A friend insists a team of scientists is dedicated to cloning a woolly mammoth. I’d love to believe this is true, and if it is, what are the plans for these critters? Zoos? Releasing them into the wild? Farming? Or a pet for the billionaire that already has everything else? Also, why start with woolly mammoths and not something smaller and hopefully easier, like passenger pigeons? —Michael Roberts, Berkeley
I’m not making you chief strategy officer of my genetic engineering startup, Michael. “Clones mammoth” = front-page headlines, big bucks. “Clones pigeon” = Tonight Show joke. More to the point, for a would-be cloner, deciding whether you’re going to sell your output to zoos or Richard Branson is a classic case of counting your pterodactyls before they’re hatched.
Any scientific venture that involves creating life without benefit of the usual reproductive processes generally inspires two reactions. First you’ve got your Popular Mechanics types saying: “Cool, can I have one?” Then you’ve got the technophobe contingent, which oddly includes both religious fundamentalists and Hollywood scriptwriters, who fret that scientists are playing God. Meanwhile, back in the lab, the scientists themselves are thinking: “First, let’s establish whether we can actually do this; then we can wring our hands over whether we should.”
To answer your question, I know of at least two scientific groups who’ve sporadically attempted to find some suitable mammoth samples from which a new specimen could eventually be cloned:
• In 1996, a Japanese team led by reproductive physiologist Kazufumi Goto and geneticist Akira Iritani began prowling around the Siberian tundra for either frozen mammoth sperm or viable mammoth DNA from other cell nuclei. If they found the former, they planned to inject it into the egg of a modern elephant and produce a mammoth-elephant hybrid. If they found viable DNA, they’d take a stab at a 100 percent pure clone. Initial efforts went nowhere, but in early 2011, Iritani told reporters he was still at it and anticipated success—via a new technique that recently produced a cloned mouse from frozen tissue—within just a few years.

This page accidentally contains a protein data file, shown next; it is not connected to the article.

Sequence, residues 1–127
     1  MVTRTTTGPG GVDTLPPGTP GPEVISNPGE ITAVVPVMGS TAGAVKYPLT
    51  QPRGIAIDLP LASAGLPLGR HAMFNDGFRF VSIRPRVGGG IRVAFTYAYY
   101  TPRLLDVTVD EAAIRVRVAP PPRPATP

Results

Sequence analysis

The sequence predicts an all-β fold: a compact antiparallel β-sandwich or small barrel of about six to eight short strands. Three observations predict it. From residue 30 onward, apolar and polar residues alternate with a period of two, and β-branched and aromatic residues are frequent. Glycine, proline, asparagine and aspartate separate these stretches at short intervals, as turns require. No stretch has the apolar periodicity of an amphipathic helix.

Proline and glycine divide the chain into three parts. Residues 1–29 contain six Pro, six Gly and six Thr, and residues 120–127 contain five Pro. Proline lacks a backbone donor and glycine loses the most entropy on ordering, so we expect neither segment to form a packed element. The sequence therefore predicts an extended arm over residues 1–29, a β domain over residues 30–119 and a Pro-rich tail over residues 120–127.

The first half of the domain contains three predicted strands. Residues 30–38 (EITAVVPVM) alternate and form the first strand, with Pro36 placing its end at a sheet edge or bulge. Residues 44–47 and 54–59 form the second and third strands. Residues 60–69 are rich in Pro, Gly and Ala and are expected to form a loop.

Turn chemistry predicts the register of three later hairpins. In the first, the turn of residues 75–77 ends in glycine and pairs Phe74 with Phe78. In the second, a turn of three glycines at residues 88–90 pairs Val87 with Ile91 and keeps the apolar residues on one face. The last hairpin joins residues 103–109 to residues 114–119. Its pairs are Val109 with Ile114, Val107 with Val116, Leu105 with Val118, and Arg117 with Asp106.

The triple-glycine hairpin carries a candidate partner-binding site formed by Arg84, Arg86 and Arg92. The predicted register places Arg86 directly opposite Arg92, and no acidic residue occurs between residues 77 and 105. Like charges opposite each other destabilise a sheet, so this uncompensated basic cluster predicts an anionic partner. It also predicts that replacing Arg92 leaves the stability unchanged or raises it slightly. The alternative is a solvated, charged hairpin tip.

• Meanwhile, beginning in 1998, French polar adventurer Bernard Buigues led an international team of paleontologists on several expeditions to Siberia also looking for mammoths, which they planned to send to a lab for possible cloning. Buigues and company found a number of carcasses, most famously one allegedly encased in a 23-ton cube of frozen dirt with only its tusks showing, which was seen being hoisted from the permafrost in the Discovery Channel documentary Raising the Mammoth. However, Buigues later conceded the tusks had been stuck in place to make the otherwise prosaic dirt clod more telegenic—whether it actually contained a mammoth has never been determined. To be fair, Buigues was part of a team that hauled out another mammoth carcass in 2010, so maybe something will come of all this yet.
All I can say is, good luck. Cloning extinct creatures presents two nontrivial challenges. The first is the difficulty of cloning, period. Everybody remembers Dolly the cloned sheep, introduced to the world in 1996. What was little noted at the time was that Dolly was the only one of 277 candidate embryos to actually make it. No doubt the success rate will improve, but the day when test-tube cloning becomes routine is a long way off.
The second problem is perhaps even knottier, namely finding ancient genetic material that’s still in clonable condition. While I hate to disappoint T. rex fans, it’s unlikely we’ll ever clone dinosaurs à la Jurassic Park. It is possible to extract DNA from old bones—researchers have successfully retrieved chunks of Neanderthal DNA that way. But dinosaur bones are so old they’ve been lithified, meaning the original organic material has been replaced by minerals, and nobody has figured out how to extract DNA from stone.
In theory, you can still clone mammoths and other animals whose departure was relatively recent and whose bodies have merely been frozen. As the permafrost thaws due to global warming, more specimens are turning up, and while the chances of finding a complete set of intact mammoth chromosomes are slim, you can find plenty of DNA scraps. Decode enough of these and do some monster data crunching, and eventually you can piece together the complete gene sequence. As it is, more than half the genome for a 10,000-year-old mammoth was published in 2008.
That doesn’t mean you can make a decent clone. To illustrate: A Pyrenean ibex, a type of mountain goat, was cloned in 2009. The species had been declared extinct less than 10 years earlier—the DNA used for the clone was extracted from the last known specimen. It took 439 embryos to produce one duplicate from that carefully preserved genetic material. The neo-ibex’s fate? It died minutes after birth due to lung defects, a recurring problem with clones. Sure, we’ve got the download—that is, the genome. Unfortunately, we’re dealing with analog, not digital, technology, and the playback still sucks.
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